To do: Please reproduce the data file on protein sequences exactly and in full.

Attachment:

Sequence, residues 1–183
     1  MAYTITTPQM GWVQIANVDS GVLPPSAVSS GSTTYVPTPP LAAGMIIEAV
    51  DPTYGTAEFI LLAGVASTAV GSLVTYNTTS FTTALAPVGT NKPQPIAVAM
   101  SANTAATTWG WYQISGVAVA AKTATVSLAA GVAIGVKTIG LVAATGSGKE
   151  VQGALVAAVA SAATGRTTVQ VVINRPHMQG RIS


Sequence, residues 1–183
     1  MAYTITTPQM GWVQIANVDS GVLPPSAVSS GSTTYVPTPP LAAGMIIEAV
    51  DPTYGTAEFI LLAGVASTAV GSLVTYNTTS FTTALAPVGT NKPQPIAVAM
   101  SANTAATTWG WYQISGVAVA AKTATVSLAA GVAIGVKTIG LVAATGSGKE
   151  VQGALVAAVA SAATGRTTVQ VVINRPHMQG RIS